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Re: Let a,b,c, and d be nonzero real numbers [#permalink]

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26 Jul 2016, 00:47
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Let a, b, c and d be nonzero real numbers. If the quadratic equation ax(cx+d)=-b(cx+d) is solved for x, which of the following is a possible ration of the 2 solutions?

$$Let\mbox{'}s\; say\; a=1,\; b=2,\; c=3\; and\; d=4$$

the solutions would be:
a) -$$\frac{1}{6}$$
b) -$$\frac{3}{8}$$
c) -$$\frac{2}{3}$$
d) $$\frac{1}{6}$$
e) $$\frac{2}{3}$$

$$Now\; let\mbox{'}s\; solve\; the\; equation,\; after\; substituting\; a=1,\; b=2,\; c=3\; and\; d=4\; into\; the\; eq.\; we\; find: 3x^{2}\; +\; 10x\; +\; 8\; =\; 0$$
$$which\; solved\; gives\; us\; \left( x+\frac{4}{3} \right)\left( x+2 \right),\; where\; the\; roots\; are\; x_{a}=\; -\frac{4}{3}\; and\; x_{b}=\; -2,\; if\; we\; divide\; them:\; \frac{-\frac{4}{3}}{-2}\; we\; find\; \frac{xa}{xb}\; =\; \frac{2}{3}$$

$$Answer\; E$$

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Re: Let a,b,c, and d be nonzero real numbers [#permalink]

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03 Aug 2016, 10:02
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Expert's post
amitpaul527 wrote:
Let a,b,c, and d be nonzero real numbers. If the quadratic equation $$ax(cx+d)=-b(cx+d)$$ is solved for x, which of the following is a possible ratio of the 2 solutions?

A. $$-\frac{ab}{cd}$$
B. $$-\frac{ac}{bd}$$
C. $$-\frac{ad}{bc}$$
D. $$\frac{ab}{cd}$$
E. $$\frac{ad}{bc}$$

ax(cx + d) = -b(cx + d)

ax(cx + d) + b(cx + d) = 0

Next we can factor out (cx + d):

(cx + d)(ax + b) = 0

Using the zero product property, we can set the expression in each set of parentheses to zero:

cx + d = 0

cx = -d

x = -d/c

Or

ax + b = 0

ax = -b

x = -b/a

So a possible ratio is:

(-d/c)/(-b/a)

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Re: Let a,b,c, and d be nonzero real numbers [#permalink]

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06 Aug 2016, 03:06
Hello, can someone please explain why this works:
ax(cx + d) = -b(cx + d)
axc^2 + axd = -bcx - bd
ax^2 + axd + bcx + bd = 0
ax^2 + (ad + bc)x + bd = 0

Then take the ratio of the ad/bc (in the brackets) - is it just luck that I got it right this way? Thanks for the help!

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Let a,b,c, and d be nonzero real numbers [#permalink]

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06 Aug 2016, 05:32
AfricanPrincess wrote:
Hello, can someone please explain why this works:
ax(cx + d) = -b(cx + d)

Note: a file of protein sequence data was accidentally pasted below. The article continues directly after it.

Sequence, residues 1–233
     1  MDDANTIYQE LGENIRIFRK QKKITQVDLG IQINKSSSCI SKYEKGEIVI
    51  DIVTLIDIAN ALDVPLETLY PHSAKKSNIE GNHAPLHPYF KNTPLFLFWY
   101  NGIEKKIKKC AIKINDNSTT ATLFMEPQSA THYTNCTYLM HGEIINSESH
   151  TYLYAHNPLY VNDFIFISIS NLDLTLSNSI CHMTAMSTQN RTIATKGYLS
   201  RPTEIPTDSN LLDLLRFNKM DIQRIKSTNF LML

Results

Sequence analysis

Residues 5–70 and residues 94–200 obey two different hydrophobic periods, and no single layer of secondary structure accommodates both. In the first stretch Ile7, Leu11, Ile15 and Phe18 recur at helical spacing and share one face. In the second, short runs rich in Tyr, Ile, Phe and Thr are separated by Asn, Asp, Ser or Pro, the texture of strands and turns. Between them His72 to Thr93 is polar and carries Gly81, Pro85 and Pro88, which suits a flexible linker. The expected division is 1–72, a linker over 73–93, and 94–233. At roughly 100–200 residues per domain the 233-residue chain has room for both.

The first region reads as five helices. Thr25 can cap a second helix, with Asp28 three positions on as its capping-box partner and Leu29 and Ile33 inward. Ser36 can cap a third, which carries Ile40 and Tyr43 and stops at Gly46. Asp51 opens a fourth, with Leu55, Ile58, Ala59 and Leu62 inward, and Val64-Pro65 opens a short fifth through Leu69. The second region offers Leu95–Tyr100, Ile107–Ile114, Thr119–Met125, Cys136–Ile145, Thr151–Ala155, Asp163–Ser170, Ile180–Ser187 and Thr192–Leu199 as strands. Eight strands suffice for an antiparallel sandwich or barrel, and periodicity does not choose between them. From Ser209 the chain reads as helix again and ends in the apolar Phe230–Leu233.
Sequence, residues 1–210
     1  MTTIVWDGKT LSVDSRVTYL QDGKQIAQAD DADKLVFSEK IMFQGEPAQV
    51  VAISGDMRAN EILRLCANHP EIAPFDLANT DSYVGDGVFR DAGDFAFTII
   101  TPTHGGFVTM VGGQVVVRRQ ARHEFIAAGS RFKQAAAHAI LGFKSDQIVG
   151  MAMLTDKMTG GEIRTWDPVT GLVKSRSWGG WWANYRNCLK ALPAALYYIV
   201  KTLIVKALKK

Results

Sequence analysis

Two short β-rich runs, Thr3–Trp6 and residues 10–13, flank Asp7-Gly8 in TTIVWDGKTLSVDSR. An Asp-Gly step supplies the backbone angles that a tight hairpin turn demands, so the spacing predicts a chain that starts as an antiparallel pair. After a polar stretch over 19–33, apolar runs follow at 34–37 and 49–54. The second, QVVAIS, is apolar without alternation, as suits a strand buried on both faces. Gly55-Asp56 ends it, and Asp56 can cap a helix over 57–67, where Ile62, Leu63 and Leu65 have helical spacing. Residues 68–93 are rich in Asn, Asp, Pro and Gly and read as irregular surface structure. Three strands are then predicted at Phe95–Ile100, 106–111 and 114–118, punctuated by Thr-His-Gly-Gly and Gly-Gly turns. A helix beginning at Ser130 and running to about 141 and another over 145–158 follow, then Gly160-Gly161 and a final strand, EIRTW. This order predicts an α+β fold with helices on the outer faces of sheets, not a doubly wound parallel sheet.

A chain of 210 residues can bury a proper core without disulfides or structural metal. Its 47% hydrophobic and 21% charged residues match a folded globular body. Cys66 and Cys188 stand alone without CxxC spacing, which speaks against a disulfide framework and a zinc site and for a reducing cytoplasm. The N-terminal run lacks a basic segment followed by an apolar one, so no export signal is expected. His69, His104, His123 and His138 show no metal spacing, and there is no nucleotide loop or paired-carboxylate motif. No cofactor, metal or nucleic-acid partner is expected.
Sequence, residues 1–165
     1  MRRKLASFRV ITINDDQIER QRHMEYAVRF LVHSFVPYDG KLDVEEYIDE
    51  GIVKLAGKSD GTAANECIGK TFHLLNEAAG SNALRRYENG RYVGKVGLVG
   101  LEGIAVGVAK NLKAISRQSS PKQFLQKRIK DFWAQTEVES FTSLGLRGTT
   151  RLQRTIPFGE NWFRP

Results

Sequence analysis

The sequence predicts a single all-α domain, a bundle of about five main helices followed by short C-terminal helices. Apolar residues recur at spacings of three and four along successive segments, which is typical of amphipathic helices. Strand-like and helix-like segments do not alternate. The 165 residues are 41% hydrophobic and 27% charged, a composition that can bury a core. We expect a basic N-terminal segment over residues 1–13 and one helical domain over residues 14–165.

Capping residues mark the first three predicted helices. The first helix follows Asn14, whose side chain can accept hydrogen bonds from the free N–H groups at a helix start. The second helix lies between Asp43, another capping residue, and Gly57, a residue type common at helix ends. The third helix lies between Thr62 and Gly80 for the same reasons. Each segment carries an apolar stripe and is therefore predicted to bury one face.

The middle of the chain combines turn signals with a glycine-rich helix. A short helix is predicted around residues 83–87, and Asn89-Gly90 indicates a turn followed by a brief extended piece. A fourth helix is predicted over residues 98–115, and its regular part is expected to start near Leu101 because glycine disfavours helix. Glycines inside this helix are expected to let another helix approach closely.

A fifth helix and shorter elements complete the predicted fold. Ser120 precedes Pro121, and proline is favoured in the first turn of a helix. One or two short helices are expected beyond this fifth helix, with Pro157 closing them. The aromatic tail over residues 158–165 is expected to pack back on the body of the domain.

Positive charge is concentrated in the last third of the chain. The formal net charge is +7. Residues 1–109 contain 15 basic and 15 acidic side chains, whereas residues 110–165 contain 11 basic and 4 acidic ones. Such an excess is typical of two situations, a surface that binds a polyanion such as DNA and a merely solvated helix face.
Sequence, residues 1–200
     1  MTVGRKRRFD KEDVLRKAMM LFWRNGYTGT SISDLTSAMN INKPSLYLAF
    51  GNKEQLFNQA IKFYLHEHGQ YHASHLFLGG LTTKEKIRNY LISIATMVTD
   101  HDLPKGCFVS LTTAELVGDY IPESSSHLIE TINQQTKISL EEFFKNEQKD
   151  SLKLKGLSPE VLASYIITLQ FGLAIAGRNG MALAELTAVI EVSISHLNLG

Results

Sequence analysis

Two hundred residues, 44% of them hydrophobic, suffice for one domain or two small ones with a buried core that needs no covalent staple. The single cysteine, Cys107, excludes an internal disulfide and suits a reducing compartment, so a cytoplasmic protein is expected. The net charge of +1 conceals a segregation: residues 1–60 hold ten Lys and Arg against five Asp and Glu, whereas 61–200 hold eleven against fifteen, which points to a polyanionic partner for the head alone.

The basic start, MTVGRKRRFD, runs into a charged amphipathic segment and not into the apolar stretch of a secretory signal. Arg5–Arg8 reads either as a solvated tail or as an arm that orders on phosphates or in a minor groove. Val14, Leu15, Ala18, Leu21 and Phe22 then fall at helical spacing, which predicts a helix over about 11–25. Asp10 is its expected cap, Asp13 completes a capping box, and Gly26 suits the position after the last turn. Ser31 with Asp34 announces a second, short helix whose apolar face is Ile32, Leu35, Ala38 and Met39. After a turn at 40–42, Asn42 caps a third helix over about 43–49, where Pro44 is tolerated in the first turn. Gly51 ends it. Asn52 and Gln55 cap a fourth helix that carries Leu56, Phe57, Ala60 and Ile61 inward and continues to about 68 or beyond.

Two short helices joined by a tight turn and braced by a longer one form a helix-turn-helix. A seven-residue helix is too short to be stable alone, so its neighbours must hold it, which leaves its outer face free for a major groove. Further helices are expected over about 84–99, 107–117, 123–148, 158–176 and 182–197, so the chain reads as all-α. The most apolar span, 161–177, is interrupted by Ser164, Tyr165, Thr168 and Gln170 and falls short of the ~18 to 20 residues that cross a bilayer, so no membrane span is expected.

axc^2 + axd = -bcx - bd
ax^2 + axd + bcx + bd = 0
ax^2 + (ad + bc)x + bd = 0

Then take the ratio of the ad/bc (in the brackets) - is it just luck that I got it right this way? Thanks for the help!

Posted from my mobile device

In the highlighted portion above, you have missed c in acx^2.

Also, in the bracket you have the sum of ad and bc not the product.

Now, if I consider your statement

acx^2 + (ad + bc)x + bd = 0

There is a very good solution provided by chetan2u in the forum. You can refer to that solution.

Else, you can simply do it in this way :

ax(cx + d) = -b(cx + d)

=> either cx+d=0 => x=-d/c ---(1)
or
ax=-b => x=-b/a ---(2)

Divide (1) by (2) or vice versa, you will get ad/bc or bc/ad.
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Re: Let a,b,c, and d be nonzero real numbers [#permalink]

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03 Aug 2017, 14:29
This is a 'could be' question - don't overly complicate it.

$$ax(cx+d)=-b(cx+d) \rightarrow acx^2 +adx=-bcx-bd \rightarrow acx^2+x(ad+bc)+bd$$

Quadratics are easier to work with when the leading coefficient is $$1$$

Since this is a COULD BE question, then let's say $$a=c=1$$

Now we have

$$x^2+x(ad+bc)+bd$$

Since this is a COULD BE question with a well-formed quadratic, the roots could definitely be $$ad/bc$$, since $$ad$$ and $$bc$$ sum to the coefficient of the second term and multiply to the third term

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Re: Let a,b,c, and d be nonzero real numbers [#permalink]

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18 Aug 2017, 19:23
one method would be take advantage of SUM and PRODUCT of roots of a quadratic equation..
can anyone plz explain how to solve this equation
thank you

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Re: Let a,b,c, and d be nonzero real numbers   [#permalink] 18 Aug 2017, 19:23